I’ve also learned a few things during these past few months, 5 to be exact, that I wish someone had mentioned to me before I started this journey. They’ve helped me transition from the Mom of a teen to the Mom of a young adult, allowing me to let go and let God. If you have any other suggestions you would like to share, let us know in a comment!
1. The missing doesn’t go away, but it does become bearable.
Stay busy during the first few weeks/months your teen leaves for college. Reconnect with a lost hobby or passion. It will not only make the time pass quicker, it will also help you reconnect with the person YOU were before you had children.
2. Do not call everyday.
This may sound counter-productive to what you’ve done in the past as a parent; however, if you laid the foundation in their formative years, you need to trust that they will draw on that during this time. My teen and I decided we would talk once a week, unless there is an emergency. We set a time and stick to it. This allows him to become independent, helping him to transition to from a young adult to an actual adult.
My son recently told me:
“Some of my friends’ parents call them everyday. It bothers them… I’m glad you don’t.”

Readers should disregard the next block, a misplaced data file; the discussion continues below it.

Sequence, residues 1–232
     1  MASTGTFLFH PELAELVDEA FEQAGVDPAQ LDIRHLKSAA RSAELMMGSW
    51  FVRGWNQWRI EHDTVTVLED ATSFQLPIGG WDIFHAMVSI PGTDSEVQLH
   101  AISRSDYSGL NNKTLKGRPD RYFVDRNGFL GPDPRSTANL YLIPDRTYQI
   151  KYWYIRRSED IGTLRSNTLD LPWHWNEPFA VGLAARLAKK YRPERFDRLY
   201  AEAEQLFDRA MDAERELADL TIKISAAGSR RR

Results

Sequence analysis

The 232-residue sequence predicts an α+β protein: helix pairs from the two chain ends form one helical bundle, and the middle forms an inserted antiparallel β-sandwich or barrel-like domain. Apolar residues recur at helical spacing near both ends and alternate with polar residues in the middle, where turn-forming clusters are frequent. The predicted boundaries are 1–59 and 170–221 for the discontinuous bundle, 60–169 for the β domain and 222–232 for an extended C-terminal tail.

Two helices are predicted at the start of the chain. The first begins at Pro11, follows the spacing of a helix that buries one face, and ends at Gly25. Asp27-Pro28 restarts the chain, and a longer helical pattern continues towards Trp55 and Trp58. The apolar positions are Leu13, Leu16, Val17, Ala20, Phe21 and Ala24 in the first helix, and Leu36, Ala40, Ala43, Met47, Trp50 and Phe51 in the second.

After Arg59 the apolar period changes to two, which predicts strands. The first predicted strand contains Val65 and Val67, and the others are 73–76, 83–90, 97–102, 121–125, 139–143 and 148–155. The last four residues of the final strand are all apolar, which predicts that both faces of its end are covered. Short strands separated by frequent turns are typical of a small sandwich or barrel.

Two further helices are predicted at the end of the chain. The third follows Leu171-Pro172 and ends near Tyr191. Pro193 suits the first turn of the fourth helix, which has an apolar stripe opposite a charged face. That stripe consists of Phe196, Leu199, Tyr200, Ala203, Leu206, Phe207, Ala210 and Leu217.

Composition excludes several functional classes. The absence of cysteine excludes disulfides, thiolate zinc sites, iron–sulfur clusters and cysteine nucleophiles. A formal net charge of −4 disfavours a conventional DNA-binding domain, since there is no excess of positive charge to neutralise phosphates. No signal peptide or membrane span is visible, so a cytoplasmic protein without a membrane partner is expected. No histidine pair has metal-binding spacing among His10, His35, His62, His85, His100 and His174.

I agree. I’m glad I don’t either.
3. Your parenting has not ended, it has entered another stage.
Although your teen is no longer at home, your job as a parent has not ended. It may have changed from a daily job, overseeing most aspects of his or her life, but it has not ended. It has entered a new stage, one that combines parenting with friendship. Cherish this new stage, nurture it, as you would any other important friendship. How? By knowing the difference between telling and leading. Listen and guide. The response you receive will most likely exceed your expectations.
4. Actively listen.
It seems like an oxymoron doesn’t it? To listen means you must be quiet, while active means you are in motion, so how can you “actively listen”? First, remove all distractions when they call, or as many as possible, so that you can absorb and reflect on what is being said. Second, listen to the words, spoken and unspoken, as well as the intonations. Third, respond and ask questions as needed. Just make sure your questions are not being construed as an interrogation.
5. Social media is a parent’s best friend.
As a blogger I love social media, but as I’ve mentioned before, I became involved with social media because of my teen. It allowed us to connect. It allowed me into his world. Each platform, Twitter, Facebook, Instagram, Twitter, allowed me to see a different side of him, and still does. As a parent, social media is your best friend. It gives you a glimpse into worlds you wouldn’t have access to; as a result, you should join and follow your children on social media. Read, listen and watch for any issues. Just make sure you do not invade their space with baby pictures and Mom-expressions without their permission!
Let’s talk! If you have any other suggestions you would like to share, let us know in a comment! I’m sure our readers would appreciate the advise.
♥ If you enjoyed this post, you may enjoy: 4 Tips to Deal With Back-to-School Stress ♥